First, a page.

Sophie: I love this question. I think the sheer amount of messages we get from our community, thanking us for creating a safe space to learn about finances has made me realise how many wahine have been craving something like The Curve. It feels like there is a real collective energy shift towards caring about being more educated when it comes to our finances. What has traditionally, been such a masculine, boring conversation - is starting to emerge as a feminine, interesting conversation that we give each other permission to indulge in. That’s f*cking cool, because that means we are starting to see a collective shift in attitude towards money.

Vic: Unfortunately, there is still a lot of shame, isolation and stress when it comes to money and finances, but knowing that there are SO many women who are in exactly the same boat, can be hugely beneficial to others. Also - you have never ‘missed the boat’. A lot of women think that they are too old to start learning this stuff, and they are absolutely not. Even if you’re 90 years old, you can still start investing! 

The stock market sounds like a pretty scary place, filled with older and mature folk in suits and ties. Is this the case? To put it lightly, most of us are sitting there like - where do we start and do we really need to? 

Sophie: I mean, of course there are lloyds of mature folk in suits and ties - but that’s starting to change. Online trading platforms have made it so much easier for anyone to get a foot in the door. Honestly if we were all taught this in school - we would all be so much better off financially. It baffles me that this information isn’t more readily available. The thing is you have to start somewhere, and you can start with as little as $5. If you’re thinking about getting into investing but you have no idea how to start, literally chuck $5 somewhere and see how it moves. Watch the stock markets movements, and take baby steps until you feel more confident investing more. You’re so much better to start, than avoid because the longer you don’t invest, the more potential gains you’re missing out on.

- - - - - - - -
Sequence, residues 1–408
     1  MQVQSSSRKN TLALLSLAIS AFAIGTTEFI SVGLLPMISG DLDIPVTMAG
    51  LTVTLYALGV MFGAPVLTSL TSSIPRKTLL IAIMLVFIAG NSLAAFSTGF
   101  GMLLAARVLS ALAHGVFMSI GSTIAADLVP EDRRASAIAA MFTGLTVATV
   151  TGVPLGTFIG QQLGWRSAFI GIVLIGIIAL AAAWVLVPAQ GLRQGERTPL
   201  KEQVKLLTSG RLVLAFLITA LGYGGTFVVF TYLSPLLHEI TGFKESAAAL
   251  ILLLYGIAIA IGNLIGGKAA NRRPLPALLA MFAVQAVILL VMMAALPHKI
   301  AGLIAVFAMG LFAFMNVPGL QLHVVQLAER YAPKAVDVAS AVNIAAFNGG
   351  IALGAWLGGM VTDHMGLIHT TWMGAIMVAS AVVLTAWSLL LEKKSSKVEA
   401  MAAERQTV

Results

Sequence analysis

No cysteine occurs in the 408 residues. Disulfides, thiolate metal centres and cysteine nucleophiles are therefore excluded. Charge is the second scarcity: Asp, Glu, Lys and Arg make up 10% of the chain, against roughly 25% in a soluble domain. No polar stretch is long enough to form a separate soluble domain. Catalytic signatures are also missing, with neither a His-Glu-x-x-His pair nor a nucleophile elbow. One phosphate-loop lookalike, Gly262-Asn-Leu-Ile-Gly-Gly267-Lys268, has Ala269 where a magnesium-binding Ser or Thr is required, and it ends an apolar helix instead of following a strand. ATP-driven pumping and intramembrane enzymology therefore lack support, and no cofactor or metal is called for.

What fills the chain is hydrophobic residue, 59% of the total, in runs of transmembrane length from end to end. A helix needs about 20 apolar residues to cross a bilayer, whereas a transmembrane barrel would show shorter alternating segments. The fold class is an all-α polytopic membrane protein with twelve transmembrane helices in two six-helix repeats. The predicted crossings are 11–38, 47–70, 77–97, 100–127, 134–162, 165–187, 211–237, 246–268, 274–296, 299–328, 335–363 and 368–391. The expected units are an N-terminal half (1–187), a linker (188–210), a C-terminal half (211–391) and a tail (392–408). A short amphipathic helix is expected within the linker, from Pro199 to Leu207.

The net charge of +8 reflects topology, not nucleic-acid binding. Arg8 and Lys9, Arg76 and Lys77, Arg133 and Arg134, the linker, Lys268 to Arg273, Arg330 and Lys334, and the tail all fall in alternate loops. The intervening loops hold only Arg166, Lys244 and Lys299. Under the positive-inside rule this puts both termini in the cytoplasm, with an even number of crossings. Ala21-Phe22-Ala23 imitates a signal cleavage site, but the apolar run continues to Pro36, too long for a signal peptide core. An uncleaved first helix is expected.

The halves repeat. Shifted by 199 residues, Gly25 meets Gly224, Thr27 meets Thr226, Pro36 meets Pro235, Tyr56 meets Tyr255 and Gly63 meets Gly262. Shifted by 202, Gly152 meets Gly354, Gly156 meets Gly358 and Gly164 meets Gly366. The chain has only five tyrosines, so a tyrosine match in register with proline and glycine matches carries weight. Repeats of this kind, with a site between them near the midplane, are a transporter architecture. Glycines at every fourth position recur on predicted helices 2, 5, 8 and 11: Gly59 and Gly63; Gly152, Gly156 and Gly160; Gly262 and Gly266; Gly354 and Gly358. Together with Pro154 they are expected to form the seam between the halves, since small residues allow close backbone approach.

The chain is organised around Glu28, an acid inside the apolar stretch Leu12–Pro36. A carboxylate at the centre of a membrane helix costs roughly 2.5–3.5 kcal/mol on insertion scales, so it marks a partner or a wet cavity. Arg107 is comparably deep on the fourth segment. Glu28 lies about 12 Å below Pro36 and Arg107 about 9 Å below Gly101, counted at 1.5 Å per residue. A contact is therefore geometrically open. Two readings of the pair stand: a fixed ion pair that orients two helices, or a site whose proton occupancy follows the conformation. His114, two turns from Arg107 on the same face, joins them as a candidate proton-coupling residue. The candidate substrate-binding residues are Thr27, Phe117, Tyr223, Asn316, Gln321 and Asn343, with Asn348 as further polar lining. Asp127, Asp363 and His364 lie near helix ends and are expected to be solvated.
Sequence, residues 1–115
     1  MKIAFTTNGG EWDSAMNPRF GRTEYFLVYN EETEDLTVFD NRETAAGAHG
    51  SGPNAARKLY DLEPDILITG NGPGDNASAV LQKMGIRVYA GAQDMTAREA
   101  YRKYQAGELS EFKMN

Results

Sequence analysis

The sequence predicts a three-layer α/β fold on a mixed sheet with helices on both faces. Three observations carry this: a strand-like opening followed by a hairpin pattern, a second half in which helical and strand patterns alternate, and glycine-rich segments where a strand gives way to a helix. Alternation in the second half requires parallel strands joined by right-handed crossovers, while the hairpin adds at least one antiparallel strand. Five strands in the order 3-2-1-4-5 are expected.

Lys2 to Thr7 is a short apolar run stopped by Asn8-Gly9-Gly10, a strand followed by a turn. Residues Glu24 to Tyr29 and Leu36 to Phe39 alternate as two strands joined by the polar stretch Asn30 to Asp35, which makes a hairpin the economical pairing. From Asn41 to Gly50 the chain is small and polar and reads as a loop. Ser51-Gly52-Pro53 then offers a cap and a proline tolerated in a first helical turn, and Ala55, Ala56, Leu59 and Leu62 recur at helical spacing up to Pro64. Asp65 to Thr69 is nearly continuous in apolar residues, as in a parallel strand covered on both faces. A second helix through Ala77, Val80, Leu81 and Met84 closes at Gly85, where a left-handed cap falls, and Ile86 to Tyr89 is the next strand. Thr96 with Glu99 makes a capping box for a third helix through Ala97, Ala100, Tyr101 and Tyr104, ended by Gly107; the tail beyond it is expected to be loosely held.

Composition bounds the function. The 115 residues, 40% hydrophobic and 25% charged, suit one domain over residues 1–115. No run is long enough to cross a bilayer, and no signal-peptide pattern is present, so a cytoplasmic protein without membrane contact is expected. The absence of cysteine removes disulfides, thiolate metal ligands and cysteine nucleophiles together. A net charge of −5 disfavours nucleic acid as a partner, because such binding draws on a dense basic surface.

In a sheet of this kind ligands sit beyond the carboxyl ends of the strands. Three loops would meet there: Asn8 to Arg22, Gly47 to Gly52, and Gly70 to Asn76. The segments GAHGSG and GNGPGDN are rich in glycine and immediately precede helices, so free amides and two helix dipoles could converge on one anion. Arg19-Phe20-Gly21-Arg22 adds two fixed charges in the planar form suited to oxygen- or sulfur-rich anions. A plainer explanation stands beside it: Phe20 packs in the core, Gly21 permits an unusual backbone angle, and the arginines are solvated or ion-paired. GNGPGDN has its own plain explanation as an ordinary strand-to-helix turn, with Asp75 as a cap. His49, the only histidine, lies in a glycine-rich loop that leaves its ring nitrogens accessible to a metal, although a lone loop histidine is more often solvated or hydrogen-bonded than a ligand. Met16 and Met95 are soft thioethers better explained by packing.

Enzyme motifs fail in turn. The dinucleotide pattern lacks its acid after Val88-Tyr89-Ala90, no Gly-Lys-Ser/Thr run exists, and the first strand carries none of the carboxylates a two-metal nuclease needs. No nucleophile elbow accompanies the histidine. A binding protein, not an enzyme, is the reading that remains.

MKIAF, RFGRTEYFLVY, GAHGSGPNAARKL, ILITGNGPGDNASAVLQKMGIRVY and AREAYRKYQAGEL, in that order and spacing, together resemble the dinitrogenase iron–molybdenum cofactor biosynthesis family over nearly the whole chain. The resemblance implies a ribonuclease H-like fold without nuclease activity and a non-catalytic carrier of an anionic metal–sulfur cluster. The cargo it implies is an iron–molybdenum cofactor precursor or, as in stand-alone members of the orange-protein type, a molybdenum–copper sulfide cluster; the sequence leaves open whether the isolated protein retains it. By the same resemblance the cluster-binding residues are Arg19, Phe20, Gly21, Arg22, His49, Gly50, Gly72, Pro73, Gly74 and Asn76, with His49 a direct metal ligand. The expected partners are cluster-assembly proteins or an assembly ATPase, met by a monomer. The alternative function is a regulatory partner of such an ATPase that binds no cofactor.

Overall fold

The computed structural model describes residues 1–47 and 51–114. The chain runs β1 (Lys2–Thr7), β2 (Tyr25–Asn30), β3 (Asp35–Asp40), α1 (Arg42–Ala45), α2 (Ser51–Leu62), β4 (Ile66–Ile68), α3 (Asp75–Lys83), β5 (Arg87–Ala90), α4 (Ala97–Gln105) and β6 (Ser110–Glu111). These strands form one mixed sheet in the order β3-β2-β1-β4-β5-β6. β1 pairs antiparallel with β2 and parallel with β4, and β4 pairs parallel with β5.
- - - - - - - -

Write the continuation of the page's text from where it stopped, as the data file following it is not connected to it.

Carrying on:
Vic: I’ve noticed throughout my career, that women bring a different set of skills to the table. We are half the population. We consume products. Therefore we can actually spot unique investing trends, just as well (or better) as the next person - we don’t have to be old folk in suits. Especially younger women who are at the forefront of change and going to see, use and understand new technologies (hello TikTok), well ahead of anyone in a suit…

With silly season just around the corner, it can be quite the tough month on the coin purse. What are some top tips and tricks you would recommend with that balance of spoiling your loved ones, making the most of social gatherings but making sensible decisions? 

Sophie: Get creative with your gifts! When I was low on cash after travelling a few years ago I made everyone kimchi. I bought beautiful jars and gifted them. Prioritise your calendar. What events do you HAVE to go to (or want to go to)? I don't feel guilty for saying no. If you don’t want to go to something or you can’t afford another night out - look after you and your bank account first. There is no shame in that. 

Vic: I agree. Plan, plan, plan. Start putting away a bit of money now so it’s not such a burden come Christmas time. Then you can actually enjoy the holiday rather than worrying about your money! Personally, I find Christmas a very polarising time; it really separates the ‘haves’ from the ‘have nots’ with regard to money, family etc. It creates unnecessary stress and pressure for a lot of people. With regards to the social gatherings, don’t restrict yourself to the point you become a recluse. Try to flip your mindset and view saying ‘no’ as empowering - you are saying ‘no’ as you want a better financial future - it’s hard at first, but it works eventually!

You have such a superpower and knowledge in your field, what would you say to someone that might think they have a real gift or passion that they want to turn into a side hustle? 

Vic: Do it! And do it now. It can be super scary but try your best to channel the fear. I hated public speaking before I had to do it for The Curve. I still get super nervous but I always try to think about the feeling afterwards, which feels incredible. Our ‘side hustle’ has been a success so far, but it wouldn't be a success without our super supportive community. I definitely underestimated how supportive my friends, colleagues, family members and even NZers in general would be. People talk about ‘tall poppy’ syndrome in NZ, but there is also a very very supportive community of people that want to see others succeed. I personally am kicking myself that we didn't start The Curve sooner after seeing everyone's response.

Lastly, sure you are constantly on your feet, jumping from boardroom to boardroom - what are the top bits that are always sitting in your week day bag, how does it change for the weekend? 

Sophie: Oh I’m always on the move, going from meetings, to cafes, to co-working spaces. I  always have my hard drive, laptop, charger, diary and journal with me. Weekends I ditch the tote and strip it back to basics. Wallet, phone and lip gloss. 

Vic: I am quite the same. I always have SO much in my weekday bag; diary, laptop, phone, a million hair ties and tbh my weekend bag looks pretty similar. When you own business the weekdays and weekends tend to merge into one. But I wouldn’t have it any other way.